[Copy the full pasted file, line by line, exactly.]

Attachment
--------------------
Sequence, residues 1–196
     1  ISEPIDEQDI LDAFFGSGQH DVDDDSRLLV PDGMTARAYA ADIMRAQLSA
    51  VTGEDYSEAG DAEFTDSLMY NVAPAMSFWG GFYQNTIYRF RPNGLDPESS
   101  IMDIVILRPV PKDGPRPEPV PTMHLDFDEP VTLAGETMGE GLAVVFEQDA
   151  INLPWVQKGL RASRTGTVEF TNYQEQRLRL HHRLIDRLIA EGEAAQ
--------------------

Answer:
Sequence, residues 1–196
     1  ISEPIDEQDI LDAFFGSGQH DVDDDSRLLV PDGMTARAYA ADIMRAQLSA
    51  VTGEDYSEAG DAEFTDSLMY NVAPAMSFWG GFYQNTIYRF RPNGLDPESS
   101  IMDIVILRPV PKDGPRPEPV PTMHLDFDEP VTLAGETMGE GLAVVFEQDA
   151  INLPWVQKGL RASRTGTVEF TNYQEQRLRL HHRLIDRLIA EGEAAQ